July 4, 2010

On this, the 4th of July, I, a Canadian, want to talk to Americans about their values. Perhaps that's presumptuous. Perhaps I should just shut it and say "it's none of my business."

I could argue that it's my business on purely pragmatic grounds: where goes the US, Canada often follows. We are a US subject state in all but name, and your failure to fix your problems makes it much harder and sometimes impossible to fix our problems.

But forget that. I don't primarily care about the US because of Canadian interests, I care about the US because I care about the American dream.

I sometimes think that many of us who aren't Americans believe in American ideals more than American citizens do. We imbibe, in other countries, a particularly pure form of the American civil religion. We hear about doing the right thing, about always giving the accused a day in court, about freedom of speech, about division of power and about rights that are rights not because they are given by government to its subjects, but because they are inalienable human rights.

Oh, as time goes by, you realize that America has always had problems with its virtues. You learn of the red scares, the Japanese internments, the genocide against the Indians, slavery and Jim Crow.

And yet... and yet, both people and countries are defined not just by their failures, but by the ideals they strive towards. America's ideals, and its striving towards them, were what gripped the world and gave others hope. If the American experiment in freedom, in rights, could succeed, then perhaps it could succeed in other places.

But what we see today is the American Dream dying. Not just the dream of every generation being better off than the one before, though that's dying, but the dream of a country where the citizens actually had rights, where they actually were free.

There are a number of reasons, but I think Jefferson's prescient phase sums it up best:

I sincerely believe, with you, that banking establishments are more dangerous than standing armies

I'm not so sure that banks are more dangerous than standing armies, but certainly the two of them together have brought the US to where it is.

The problem with standing armies is simple enough: if you've got one, politicians are always tempted to use it. When it's a professional standing army, so the majority of the population is not effected by its use, that temptation increases. When the army is the most powerful (though not the most effective) in the world, well, that temptation increases even further.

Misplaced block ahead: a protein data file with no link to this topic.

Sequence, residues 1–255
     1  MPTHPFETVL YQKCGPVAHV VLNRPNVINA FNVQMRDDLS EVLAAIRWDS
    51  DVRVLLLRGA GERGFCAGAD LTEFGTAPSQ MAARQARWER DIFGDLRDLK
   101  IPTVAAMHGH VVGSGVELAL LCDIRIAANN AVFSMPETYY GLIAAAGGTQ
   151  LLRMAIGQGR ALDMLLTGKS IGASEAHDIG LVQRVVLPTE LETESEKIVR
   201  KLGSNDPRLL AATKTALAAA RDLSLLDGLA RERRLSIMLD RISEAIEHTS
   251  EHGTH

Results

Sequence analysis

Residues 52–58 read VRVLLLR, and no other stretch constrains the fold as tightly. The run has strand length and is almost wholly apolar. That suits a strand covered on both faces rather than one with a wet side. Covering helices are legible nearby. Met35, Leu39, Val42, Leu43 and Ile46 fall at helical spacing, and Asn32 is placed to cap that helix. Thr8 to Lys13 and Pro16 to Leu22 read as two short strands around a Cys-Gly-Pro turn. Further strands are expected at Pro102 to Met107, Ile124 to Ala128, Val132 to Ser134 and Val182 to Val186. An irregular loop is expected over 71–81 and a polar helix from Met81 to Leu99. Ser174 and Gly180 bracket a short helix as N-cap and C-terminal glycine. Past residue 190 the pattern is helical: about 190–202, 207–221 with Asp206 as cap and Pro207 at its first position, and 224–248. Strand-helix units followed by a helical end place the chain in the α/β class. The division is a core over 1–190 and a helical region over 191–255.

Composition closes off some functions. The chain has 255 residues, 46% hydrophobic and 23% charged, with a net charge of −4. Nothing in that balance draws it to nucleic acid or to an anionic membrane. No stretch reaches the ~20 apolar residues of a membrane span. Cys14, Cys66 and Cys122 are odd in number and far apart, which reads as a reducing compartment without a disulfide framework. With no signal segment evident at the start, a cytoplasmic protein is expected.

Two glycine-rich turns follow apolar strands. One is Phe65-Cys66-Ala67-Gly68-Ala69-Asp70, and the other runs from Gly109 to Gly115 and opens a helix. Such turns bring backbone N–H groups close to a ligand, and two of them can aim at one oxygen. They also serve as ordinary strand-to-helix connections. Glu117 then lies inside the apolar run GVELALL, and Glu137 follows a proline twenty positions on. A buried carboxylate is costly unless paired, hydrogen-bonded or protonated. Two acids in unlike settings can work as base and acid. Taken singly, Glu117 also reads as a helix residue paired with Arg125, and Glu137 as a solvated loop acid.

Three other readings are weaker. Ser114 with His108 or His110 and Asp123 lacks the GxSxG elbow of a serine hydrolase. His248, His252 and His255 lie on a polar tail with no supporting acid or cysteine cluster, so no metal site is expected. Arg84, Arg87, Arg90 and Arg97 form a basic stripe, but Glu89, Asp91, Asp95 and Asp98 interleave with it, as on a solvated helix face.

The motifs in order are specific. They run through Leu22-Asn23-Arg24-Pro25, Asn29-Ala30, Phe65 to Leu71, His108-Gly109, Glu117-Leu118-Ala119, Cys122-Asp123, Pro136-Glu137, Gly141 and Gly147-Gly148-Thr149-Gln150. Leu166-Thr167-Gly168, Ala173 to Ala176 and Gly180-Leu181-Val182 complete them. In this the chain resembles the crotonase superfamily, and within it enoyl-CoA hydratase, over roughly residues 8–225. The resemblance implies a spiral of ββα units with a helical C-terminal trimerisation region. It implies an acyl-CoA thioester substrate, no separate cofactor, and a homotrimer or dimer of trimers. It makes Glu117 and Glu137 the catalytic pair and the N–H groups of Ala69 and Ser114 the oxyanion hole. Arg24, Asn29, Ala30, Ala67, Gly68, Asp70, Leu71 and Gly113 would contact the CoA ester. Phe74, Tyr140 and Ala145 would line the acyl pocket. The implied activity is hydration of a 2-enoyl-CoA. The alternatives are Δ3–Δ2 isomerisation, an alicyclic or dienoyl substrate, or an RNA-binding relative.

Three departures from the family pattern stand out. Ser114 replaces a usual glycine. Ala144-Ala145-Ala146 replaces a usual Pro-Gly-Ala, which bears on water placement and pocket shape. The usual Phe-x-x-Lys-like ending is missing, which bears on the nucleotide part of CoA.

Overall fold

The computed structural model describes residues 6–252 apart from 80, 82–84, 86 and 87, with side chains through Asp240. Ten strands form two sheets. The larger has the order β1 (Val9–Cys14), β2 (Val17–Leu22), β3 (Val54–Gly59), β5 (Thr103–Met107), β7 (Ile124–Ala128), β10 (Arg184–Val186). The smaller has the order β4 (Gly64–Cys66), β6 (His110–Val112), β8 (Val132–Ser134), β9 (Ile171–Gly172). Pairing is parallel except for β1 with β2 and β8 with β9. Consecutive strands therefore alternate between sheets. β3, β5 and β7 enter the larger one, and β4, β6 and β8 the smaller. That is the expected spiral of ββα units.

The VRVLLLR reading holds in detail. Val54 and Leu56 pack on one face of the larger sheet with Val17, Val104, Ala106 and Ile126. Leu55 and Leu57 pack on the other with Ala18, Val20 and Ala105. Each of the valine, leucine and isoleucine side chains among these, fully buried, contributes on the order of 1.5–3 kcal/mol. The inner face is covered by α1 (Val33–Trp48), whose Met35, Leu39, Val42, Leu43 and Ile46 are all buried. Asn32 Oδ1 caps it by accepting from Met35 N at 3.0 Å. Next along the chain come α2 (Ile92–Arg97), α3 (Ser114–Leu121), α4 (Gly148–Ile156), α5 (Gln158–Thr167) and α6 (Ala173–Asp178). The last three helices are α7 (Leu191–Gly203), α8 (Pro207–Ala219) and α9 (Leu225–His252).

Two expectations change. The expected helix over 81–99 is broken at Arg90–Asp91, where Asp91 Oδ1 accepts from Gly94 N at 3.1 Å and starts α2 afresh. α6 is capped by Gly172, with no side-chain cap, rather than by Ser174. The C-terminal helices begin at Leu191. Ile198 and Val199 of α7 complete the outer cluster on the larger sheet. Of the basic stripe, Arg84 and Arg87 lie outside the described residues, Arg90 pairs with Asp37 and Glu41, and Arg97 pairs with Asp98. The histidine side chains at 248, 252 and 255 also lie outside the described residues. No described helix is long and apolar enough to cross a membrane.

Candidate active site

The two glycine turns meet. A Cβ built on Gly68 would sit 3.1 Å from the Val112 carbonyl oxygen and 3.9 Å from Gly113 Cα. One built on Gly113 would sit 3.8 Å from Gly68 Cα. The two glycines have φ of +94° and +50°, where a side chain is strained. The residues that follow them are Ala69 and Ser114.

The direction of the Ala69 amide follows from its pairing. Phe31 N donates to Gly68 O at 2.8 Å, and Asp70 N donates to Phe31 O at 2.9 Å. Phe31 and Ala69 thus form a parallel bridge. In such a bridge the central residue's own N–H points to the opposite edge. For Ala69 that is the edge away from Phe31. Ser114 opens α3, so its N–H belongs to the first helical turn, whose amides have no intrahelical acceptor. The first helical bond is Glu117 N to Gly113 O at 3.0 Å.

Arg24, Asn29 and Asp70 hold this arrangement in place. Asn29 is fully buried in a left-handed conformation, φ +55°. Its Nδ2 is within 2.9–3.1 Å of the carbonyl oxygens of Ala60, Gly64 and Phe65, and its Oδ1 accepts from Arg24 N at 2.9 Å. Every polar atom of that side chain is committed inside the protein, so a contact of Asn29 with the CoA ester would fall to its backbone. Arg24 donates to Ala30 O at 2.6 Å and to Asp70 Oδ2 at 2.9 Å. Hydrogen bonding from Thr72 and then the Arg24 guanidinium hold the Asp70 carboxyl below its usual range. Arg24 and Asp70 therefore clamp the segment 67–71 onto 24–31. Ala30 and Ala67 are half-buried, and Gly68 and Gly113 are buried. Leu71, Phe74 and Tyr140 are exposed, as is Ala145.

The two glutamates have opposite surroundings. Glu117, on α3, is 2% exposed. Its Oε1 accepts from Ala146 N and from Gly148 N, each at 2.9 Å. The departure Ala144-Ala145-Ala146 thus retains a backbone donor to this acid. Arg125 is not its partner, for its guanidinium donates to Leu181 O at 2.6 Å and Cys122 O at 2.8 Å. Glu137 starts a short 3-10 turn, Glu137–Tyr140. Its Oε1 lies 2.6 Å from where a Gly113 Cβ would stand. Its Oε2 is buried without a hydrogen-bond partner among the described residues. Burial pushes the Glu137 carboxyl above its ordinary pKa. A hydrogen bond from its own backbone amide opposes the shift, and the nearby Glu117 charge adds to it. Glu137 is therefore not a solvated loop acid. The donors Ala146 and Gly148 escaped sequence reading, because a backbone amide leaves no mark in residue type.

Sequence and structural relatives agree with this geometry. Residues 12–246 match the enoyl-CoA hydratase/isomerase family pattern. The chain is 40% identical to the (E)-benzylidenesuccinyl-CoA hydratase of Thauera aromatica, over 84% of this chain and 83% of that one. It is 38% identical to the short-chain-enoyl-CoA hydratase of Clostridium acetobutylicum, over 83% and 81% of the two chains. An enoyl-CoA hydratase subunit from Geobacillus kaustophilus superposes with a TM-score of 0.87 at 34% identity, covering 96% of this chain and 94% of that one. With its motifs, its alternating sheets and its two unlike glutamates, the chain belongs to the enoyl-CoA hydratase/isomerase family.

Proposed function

War is an executive function. A war cannot be run by a legislature. As a result, during war the power of the executive grows. In the US the executive can now hold people without charge indefinitely, meaning President has the ability to lock people up without a trial. If he does bother to grant a trial, the accused does not have the right to face their accusers or to see the evidence against them and evidence obtained through torture can be used.

The President can spy on any American he wants, and you have essentially no recourse, since it is illegal to let you know that you're being spied on. The President can declare American citizens combatants and have them assassinated, which is capital punishment without a trial.

Meanwhile, instead of the whole country being a free speech zone, free speech is only allowed in small areas if anyone important is nearby. Lord save the important people from having to actually see the people whom their policies are impoverishing and whose rights they are destroying.

The right of association has been severely crippled, since the executive can now declare any organization a terrorist organization without any trial and without any appeal. Any American who works with "terrorists" is a criminal. Even if they are, say, like Jimmy Carter, helping Hezbollah participate in fair elections.

To sum up, the President can do all of the following, in most cases without meaningful appeal or a trial: execute Americans, imprison people indefinitely, spy on anyone he wants, forbid people from flying, torture people, kidnap people, forbid people from associating with whoever they want, and deny them the right to speak freely anywhere except in small cordoned off zones.

This is America?

This is what the American dream has come to?

Your founders warned you about this. Warned you that standing armies and unrestrained banks would cost you your freedom.

And the sad thing is that most Americans are ok with it.

Are Americans who don't believe that everyone is endowed with inalienable rights still Americans worth the name?

That is my question to you on July 4th.

Happy Independence Day.

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